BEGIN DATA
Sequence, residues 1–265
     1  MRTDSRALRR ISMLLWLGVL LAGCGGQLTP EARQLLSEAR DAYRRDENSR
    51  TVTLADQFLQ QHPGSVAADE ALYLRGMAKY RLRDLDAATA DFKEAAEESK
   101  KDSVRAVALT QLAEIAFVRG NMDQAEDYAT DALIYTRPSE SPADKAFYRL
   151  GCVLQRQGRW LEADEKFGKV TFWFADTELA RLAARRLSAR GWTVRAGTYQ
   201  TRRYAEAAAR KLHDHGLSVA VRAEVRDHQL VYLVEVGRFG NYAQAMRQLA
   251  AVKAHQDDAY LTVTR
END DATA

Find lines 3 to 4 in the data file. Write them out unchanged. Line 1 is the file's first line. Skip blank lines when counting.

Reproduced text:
    51  TVTLADQFLQ QHPGSVAADE ALYLRGMAKY RLRDLDAATA DFKEAAEESK
   101  KDSVRAVALT QLAEIAFVRG NMDQAEDYAT DALIYTRPSE SPADKAFYRL